result = process.extractOne(
    location.name,
    soup.body.text.split("\n"),
    scorer=fuzz.QRatio,
    score_cutoff=app.config["NAME_MATCH_SCORE_CUTOFF"],
)  

Here we use the extractOne function to find the best possible match amidst all of the text on the web page.  If there isn't a match that exceeds the score cutoff, it's likely that the name isn't on the page in any reasonable form.  The QRatio scorer stands for "quick ratio", although there are several other types of scoring functions available.

This pass will catch a lot of almost equivalent names, but there is a whole category of names that we haven't discussed yet – names embedded in images!

Using computer vision to find name matches

A surprising number of businesses seem to only include their name inside of an image. This obviously poses a problem if we want to know what a user sees when they navigate to the website.  

Fortunately, Python has a number of libraries that make this seemingly daunting problem easy to overcome.  With a combination of OpenCV and Pytesseract, we can do a decent job of extracting these names and checking for a match.  OpenCV is an enormous computer vision library, but we'll need only a tiny subset of all that functionality. Pytesseract is an OCR library that we'll use to do the text extraction.

We need OpenCV to perform some preprocessing on the images that will yield better results when using Pytesseract.

If you're using Ubuntu, follow the steps below to get set up with Tesseract.  The Pytesseract package is a wrapper that makes it easier to use the Tesseract project.

sudo apt-get update
sudo apt-get install -y software-properties-common
sudo add-apt-repository "deb http://archive.ubuntu.com/ubuntu $(lsb_release -s -c) universe"
sudo apt-get install -y tesseract-ocr

To install the Python packages, execute the following.

pip install opencv-python
pip install pytesseract

With all of that in place, we're ready to read some images.  Pytesseract performs best when reading black text on a white background, so we'll use OpenCV to transform our input images into that format.  We also want to get rid of any artifacts in the image that might mistakenly be interpreted as text.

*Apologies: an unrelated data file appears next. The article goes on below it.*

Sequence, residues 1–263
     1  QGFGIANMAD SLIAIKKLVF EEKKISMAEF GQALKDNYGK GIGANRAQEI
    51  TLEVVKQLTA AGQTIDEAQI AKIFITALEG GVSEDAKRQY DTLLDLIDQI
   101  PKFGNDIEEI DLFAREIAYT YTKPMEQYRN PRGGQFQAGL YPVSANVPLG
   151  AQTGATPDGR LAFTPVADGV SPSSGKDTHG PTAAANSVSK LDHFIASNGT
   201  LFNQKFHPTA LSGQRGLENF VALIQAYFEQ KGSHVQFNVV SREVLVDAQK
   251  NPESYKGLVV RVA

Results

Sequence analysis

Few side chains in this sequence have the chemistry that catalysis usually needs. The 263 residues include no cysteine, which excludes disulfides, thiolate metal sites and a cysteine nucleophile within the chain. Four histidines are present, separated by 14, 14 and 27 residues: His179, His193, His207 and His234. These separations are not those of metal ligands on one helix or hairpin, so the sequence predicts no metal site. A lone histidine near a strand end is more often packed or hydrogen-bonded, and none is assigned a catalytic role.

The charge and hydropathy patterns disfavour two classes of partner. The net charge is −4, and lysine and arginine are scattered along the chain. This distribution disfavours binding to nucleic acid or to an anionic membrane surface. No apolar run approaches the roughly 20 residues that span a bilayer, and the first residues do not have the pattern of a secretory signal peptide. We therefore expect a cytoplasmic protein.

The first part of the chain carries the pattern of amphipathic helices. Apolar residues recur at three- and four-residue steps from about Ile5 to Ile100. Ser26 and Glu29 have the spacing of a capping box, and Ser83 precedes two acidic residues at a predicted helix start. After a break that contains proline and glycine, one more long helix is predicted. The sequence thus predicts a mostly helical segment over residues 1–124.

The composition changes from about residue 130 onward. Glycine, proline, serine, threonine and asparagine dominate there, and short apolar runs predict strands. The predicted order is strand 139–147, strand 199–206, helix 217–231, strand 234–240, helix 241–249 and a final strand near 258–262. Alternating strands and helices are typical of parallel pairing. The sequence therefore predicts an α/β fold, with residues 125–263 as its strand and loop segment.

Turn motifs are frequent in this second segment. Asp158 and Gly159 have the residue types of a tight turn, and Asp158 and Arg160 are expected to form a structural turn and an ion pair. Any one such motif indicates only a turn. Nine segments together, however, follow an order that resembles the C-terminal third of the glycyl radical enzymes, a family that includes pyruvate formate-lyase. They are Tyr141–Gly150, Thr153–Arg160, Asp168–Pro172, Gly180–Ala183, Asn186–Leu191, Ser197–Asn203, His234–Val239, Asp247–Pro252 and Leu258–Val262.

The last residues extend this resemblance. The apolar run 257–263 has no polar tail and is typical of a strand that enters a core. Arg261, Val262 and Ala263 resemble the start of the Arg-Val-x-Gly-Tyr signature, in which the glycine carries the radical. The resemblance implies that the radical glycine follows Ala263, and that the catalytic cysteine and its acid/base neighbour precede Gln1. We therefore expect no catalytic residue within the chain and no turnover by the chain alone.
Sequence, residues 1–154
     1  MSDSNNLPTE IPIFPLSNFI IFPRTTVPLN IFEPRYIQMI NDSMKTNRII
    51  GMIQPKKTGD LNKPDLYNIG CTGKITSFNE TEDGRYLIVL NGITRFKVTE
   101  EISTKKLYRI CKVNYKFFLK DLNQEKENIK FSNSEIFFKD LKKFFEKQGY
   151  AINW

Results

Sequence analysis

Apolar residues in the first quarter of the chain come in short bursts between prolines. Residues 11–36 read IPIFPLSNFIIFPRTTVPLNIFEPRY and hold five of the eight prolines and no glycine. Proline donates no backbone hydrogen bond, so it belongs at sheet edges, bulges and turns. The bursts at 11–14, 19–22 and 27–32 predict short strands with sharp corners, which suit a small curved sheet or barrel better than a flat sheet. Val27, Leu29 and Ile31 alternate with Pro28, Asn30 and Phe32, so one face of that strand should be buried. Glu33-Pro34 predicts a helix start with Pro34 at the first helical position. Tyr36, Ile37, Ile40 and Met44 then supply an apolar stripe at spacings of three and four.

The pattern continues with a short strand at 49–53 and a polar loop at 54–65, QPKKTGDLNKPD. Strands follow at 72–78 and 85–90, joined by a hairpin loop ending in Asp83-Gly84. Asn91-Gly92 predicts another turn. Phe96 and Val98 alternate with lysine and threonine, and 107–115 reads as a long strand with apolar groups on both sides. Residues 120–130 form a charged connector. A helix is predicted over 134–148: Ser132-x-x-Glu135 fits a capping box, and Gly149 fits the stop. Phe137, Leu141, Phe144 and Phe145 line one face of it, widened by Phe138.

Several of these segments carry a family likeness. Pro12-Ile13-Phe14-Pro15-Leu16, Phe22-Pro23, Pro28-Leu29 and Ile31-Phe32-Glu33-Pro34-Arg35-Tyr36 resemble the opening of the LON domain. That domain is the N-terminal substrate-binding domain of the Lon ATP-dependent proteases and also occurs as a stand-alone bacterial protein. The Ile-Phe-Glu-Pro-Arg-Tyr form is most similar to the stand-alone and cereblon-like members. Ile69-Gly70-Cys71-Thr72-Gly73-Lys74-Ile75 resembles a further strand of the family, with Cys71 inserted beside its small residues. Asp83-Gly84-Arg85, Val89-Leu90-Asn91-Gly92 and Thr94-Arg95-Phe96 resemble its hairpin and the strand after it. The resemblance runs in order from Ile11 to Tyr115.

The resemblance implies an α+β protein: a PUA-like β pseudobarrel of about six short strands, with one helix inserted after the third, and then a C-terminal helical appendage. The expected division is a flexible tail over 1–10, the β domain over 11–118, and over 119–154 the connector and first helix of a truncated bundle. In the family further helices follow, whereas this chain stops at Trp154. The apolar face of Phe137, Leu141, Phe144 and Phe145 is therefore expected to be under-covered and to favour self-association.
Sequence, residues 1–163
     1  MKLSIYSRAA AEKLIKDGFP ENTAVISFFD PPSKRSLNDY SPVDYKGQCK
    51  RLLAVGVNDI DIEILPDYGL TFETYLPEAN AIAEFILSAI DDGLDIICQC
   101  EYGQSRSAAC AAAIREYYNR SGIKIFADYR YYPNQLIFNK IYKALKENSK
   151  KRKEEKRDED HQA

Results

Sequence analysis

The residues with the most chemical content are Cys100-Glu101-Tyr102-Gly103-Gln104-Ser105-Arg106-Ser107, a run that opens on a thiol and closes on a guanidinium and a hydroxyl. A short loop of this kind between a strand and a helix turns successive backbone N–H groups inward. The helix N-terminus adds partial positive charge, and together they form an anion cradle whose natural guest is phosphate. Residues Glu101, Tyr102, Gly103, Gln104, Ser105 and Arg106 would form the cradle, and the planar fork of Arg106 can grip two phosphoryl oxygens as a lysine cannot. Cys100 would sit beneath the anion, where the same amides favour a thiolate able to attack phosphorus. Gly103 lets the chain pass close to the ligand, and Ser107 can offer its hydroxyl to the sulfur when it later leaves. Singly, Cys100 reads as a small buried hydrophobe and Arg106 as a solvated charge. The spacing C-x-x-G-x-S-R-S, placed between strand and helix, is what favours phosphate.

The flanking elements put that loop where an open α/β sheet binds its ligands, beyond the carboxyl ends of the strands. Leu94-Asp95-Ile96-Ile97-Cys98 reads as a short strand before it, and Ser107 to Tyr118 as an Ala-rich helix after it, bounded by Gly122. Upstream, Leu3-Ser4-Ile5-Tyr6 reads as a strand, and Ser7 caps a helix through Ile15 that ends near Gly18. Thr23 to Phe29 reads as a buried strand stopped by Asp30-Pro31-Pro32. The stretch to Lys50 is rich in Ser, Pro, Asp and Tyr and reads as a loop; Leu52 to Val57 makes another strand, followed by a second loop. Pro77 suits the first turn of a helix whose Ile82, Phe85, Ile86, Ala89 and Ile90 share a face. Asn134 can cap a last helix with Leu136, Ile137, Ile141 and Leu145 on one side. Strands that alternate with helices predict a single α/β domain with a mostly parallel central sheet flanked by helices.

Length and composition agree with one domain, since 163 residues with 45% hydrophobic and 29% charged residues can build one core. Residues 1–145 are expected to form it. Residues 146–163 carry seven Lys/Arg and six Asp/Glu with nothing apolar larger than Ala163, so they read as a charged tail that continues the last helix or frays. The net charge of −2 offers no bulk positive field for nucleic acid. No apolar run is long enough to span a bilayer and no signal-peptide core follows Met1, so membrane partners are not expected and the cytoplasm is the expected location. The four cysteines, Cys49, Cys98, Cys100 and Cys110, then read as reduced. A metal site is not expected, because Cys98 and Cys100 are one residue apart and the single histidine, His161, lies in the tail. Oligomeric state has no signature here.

Our input will start off looking like the following.

While the output from OpenCV will end up more like this after the preprocessing step.

Transforming an image so that any artifacts beneath a certain threshold are eliminated is known as binarization, and OpenCV offers several such methods.  We'll use the adaptive binarization method, which calculates many thresholds at once across the different regions of an image.

import cv2
from pytesseract import image_to_string

th = cv2.adaptiveThreshold(
    cv2.imread(f.name, cv2.IMREAD_GRAYSCALE),
    255,
    cv2.ADAPTIVE_THRESH_GAUSSIAN_C,
    cv2.THRESH_BINARY,
    31,
    2,
)

print(image_to_string(th).split("\n"))


Once the image has been converted to grayscale and binarized, we feed it into the image_to_string function from Pytesseract, and receive the OCR output.  Just like in the previous fuzzy matching attempt, we use the fuzzywuzzy library to add a little leeway to the matching.

In conclusion

There are still many ways to improve upon this approach!  Simply harvesting the images from a site is a challenge on its own, given the many different image formats.  Images are also hosted in a variety of ways, sometimes making it tricky to retrieve them correctly. I've even seen the business name embedded inside of a background image.